How will Ramadan Affect Protests in Egypt?
Egypt is at a fever pitch. The crowds in Cairo at the end of June swelled in the beginning of July, culminating in a military takeover that forced President Mohammad Morsi from power on July 3. The coup has not been the much hoped for panacea for Egypt’s ills. The actions of the military have begotten reactions from the pro-Morsi camp. The death of some 50 Morsi supporters on July 8 by soldiers in Cairo has prompted vows of vengeance for the “martyrs” by conservative factions in a country with a suspended constitution.
These same conservative factions, however, are also the country’s strictest adherents to the restrictions of Ramadan. The holy month, set to begin on July 10 and end on August 9, requires practicing Muslims to abstain from food, drink, and other bodily intakes from sunup to sundown. On the first day of Ramadan, the sunrise in Cairo is expected at 5:01 AM and the sunset is expected at 6:59 PM. That’s almost 14 hours of zero substance. Add to this the summer heat of Egypt compounded by energy blackouts and you get one long day.
This may not matter much to non-fasting secularists. They’re pleased that Morsi is out of power and are optimistic that the military will pave the way for a swift transition to democracy (individuals mindful of SCAF’s actions post-Mubarak and pre-Morsi should be wary of such optimism).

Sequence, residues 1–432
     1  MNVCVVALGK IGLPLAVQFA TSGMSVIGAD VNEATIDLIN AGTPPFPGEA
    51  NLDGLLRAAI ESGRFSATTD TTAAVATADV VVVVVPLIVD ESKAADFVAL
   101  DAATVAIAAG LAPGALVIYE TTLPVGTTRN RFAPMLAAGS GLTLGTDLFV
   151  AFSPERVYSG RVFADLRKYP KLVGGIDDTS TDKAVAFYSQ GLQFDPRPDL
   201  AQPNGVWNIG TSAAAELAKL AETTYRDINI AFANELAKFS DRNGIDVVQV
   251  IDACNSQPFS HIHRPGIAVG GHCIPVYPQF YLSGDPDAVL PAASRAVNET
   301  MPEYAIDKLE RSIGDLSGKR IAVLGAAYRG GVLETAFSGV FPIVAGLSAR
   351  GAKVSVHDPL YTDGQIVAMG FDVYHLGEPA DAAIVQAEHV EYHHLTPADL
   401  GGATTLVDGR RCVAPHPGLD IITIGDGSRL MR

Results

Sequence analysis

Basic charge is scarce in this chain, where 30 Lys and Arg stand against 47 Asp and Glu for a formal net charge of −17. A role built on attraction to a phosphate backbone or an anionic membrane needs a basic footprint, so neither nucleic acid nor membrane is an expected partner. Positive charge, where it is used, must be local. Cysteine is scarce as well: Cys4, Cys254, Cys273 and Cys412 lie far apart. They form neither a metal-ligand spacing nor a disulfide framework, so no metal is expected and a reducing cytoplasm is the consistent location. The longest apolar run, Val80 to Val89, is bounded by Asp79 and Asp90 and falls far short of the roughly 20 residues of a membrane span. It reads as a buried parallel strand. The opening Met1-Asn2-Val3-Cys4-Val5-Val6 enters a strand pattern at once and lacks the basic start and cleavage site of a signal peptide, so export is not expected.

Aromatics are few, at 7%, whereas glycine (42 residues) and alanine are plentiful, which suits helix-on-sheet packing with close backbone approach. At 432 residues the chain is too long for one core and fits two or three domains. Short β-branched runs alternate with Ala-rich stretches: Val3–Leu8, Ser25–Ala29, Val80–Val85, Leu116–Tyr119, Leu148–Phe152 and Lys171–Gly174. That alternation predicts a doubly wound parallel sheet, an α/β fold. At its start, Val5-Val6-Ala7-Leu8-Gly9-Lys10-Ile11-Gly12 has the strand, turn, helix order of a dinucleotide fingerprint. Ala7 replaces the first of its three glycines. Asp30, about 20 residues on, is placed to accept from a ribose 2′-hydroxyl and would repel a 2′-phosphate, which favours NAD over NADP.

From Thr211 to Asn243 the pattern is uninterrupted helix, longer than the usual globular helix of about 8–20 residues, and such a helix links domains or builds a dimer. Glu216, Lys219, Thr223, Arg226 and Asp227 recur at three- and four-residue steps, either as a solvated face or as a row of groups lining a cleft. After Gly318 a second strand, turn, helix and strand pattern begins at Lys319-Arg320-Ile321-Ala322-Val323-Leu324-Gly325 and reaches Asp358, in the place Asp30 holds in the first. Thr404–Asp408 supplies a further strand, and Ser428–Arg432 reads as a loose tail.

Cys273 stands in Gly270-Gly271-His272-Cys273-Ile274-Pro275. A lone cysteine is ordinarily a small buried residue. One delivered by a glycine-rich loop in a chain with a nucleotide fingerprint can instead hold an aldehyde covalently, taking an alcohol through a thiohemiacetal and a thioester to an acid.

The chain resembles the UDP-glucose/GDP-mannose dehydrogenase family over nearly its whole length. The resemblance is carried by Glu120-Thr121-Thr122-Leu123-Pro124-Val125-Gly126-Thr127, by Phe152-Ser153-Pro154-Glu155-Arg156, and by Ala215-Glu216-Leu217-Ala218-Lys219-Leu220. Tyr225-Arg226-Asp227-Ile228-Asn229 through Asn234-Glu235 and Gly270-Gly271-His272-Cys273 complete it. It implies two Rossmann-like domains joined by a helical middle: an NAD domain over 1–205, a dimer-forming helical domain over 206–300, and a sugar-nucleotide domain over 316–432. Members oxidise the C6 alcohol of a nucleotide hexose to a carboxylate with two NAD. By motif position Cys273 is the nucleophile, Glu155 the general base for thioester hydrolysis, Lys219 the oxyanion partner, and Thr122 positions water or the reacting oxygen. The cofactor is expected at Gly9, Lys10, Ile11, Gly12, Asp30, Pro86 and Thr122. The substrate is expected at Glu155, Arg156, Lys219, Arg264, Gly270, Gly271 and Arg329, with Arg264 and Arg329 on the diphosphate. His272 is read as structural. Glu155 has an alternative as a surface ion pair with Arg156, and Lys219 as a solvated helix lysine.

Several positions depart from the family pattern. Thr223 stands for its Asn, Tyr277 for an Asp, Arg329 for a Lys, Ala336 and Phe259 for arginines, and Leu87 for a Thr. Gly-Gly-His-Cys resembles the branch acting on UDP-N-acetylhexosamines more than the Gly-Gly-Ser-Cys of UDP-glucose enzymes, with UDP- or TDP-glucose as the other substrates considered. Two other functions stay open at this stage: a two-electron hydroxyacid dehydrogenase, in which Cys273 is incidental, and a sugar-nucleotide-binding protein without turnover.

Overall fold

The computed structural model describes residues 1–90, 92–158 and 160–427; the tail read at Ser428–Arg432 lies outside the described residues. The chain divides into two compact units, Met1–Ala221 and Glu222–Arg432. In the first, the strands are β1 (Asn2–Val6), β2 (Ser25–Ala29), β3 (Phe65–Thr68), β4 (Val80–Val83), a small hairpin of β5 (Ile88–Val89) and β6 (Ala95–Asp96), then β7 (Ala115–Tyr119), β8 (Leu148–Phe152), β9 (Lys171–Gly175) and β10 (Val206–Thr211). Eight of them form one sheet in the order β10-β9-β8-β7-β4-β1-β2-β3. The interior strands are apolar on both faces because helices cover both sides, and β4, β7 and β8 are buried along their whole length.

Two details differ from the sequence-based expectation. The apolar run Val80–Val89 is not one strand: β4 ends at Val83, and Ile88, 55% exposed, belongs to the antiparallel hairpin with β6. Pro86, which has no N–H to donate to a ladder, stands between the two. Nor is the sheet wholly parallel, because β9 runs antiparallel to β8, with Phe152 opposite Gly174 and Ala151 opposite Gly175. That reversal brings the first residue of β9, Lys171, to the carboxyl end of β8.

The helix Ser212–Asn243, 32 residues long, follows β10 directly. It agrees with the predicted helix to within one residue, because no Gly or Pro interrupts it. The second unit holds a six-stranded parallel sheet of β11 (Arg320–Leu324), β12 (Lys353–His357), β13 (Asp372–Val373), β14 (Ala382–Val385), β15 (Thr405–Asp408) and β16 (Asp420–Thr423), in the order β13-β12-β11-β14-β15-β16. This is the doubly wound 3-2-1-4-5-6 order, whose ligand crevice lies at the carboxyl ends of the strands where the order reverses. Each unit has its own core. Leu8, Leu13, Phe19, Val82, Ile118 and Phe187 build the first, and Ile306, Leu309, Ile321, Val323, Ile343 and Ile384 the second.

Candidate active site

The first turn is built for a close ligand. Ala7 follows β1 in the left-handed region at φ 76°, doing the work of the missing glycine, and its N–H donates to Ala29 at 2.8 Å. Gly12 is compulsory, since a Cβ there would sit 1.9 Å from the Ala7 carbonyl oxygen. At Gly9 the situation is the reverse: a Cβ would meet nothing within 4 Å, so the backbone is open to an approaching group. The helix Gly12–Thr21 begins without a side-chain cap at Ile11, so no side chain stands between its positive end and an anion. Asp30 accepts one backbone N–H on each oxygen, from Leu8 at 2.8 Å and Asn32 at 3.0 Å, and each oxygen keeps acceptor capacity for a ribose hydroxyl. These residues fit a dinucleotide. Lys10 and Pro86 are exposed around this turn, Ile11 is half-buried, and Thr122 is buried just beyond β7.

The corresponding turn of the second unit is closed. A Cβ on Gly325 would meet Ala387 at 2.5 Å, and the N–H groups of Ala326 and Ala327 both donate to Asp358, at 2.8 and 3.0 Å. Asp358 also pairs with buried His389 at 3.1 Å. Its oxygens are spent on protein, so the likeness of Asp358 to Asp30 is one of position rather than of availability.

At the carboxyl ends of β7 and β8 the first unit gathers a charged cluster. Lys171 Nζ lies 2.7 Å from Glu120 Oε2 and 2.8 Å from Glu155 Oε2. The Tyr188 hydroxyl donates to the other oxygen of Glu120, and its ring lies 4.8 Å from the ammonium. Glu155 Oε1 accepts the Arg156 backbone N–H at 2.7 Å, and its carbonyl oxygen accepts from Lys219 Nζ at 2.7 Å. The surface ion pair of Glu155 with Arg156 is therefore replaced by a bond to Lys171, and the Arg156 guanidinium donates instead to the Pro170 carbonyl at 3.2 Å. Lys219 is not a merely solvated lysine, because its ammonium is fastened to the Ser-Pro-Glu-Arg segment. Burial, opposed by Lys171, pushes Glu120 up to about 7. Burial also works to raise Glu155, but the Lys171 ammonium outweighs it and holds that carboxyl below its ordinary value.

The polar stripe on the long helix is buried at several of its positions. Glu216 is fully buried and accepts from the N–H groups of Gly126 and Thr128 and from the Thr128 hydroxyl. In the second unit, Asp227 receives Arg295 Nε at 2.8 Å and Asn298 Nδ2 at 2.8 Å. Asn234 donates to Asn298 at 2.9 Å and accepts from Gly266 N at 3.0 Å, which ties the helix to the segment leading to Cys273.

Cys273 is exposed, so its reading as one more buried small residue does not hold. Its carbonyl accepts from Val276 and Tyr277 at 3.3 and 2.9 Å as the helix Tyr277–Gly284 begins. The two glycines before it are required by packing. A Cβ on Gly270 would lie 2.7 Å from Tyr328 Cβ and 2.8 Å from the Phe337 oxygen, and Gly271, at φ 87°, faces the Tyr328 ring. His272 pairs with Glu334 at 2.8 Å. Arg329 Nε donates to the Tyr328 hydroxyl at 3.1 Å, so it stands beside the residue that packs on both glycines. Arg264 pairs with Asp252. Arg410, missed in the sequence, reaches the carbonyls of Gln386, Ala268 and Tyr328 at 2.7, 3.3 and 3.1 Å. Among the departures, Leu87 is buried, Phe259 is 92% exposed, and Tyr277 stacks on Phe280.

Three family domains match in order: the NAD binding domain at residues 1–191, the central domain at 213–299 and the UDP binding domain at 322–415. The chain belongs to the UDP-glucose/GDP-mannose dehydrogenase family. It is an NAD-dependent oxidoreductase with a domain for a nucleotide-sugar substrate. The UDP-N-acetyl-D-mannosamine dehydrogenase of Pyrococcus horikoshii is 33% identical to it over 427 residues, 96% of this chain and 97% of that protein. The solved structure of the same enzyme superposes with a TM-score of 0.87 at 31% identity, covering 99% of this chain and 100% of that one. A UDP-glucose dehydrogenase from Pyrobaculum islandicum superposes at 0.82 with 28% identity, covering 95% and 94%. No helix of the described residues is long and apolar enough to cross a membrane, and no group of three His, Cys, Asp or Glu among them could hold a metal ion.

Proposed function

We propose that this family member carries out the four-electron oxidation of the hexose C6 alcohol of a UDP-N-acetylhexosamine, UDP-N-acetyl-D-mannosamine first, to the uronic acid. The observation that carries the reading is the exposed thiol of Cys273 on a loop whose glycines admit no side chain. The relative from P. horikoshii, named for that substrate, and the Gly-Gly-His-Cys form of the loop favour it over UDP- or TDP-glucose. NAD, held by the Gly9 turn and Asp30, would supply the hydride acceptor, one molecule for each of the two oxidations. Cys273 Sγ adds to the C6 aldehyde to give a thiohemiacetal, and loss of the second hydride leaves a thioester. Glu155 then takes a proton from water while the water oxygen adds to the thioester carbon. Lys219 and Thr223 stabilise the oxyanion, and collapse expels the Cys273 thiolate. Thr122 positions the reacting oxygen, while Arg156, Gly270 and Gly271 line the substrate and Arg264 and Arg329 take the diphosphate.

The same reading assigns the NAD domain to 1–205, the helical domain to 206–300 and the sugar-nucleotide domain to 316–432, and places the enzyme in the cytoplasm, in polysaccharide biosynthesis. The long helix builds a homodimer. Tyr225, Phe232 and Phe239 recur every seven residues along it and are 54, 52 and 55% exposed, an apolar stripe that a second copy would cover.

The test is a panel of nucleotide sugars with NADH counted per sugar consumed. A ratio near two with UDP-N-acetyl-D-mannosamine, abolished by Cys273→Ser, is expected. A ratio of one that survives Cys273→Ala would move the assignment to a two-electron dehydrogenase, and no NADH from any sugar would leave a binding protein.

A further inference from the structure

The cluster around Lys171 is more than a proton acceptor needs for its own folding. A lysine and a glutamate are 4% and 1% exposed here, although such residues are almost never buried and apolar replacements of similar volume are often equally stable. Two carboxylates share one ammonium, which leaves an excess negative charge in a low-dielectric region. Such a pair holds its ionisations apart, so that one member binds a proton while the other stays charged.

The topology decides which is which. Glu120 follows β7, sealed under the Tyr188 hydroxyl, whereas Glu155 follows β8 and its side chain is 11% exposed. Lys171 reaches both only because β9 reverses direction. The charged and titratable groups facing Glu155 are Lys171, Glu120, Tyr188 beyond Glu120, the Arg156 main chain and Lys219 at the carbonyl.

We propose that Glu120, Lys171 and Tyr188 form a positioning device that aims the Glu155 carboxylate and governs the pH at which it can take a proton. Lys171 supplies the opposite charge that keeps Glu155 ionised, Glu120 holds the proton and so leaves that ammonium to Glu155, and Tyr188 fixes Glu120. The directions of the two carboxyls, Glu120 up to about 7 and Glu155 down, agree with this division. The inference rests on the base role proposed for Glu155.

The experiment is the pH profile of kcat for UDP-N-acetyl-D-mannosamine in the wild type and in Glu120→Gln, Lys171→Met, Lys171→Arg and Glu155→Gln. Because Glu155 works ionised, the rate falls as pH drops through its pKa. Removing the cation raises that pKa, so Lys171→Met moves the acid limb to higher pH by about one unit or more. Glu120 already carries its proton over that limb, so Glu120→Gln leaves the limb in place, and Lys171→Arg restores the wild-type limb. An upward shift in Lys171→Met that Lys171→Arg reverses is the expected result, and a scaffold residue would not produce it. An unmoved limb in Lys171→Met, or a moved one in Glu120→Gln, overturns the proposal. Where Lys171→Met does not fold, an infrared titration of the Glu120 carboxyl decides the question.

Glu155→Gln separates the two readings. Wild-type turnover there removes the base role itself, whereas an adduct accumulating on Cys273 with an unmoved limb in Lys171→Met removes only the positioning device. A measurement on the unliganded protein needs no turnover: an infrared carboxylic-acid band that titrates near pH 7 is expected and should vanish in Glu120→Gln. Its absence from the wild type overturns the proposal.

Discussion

This does, however, matter to the individuals most incensed over the recent actions of the military. While outraged, supporters of Morsi and like-minded opponents of the military’s moves will be tested to keep up the same tempo of protest with their mouths dry and their bellies empty in the heat of a midsummer Cairene afternoon.
So while protests are not expected to disappear in the coming thirty days, they may well taper off after Ramadan begins – at least in the daylight hours. This relative lull in protest activity during Ramadan has a history behind it. And it is not specific to Egypt. Bahrain experienced a similar lull in its ongoing protests last year during Ramadan (July 20 – August 18, 2012). Instances of protest were mostly confined to pre-dawn, pre-fasting hours.
Protests in the next thirty days are not expected to stop in Egypt. But with Ramadan soon taking effect, protests can be expected to take a different flavor then they have taken in recent days. Ramadan is likely to push more protests into the evening and early morning hours while adding an additional religious element to the cause of Muslim Brotherhood supporters and Islamists.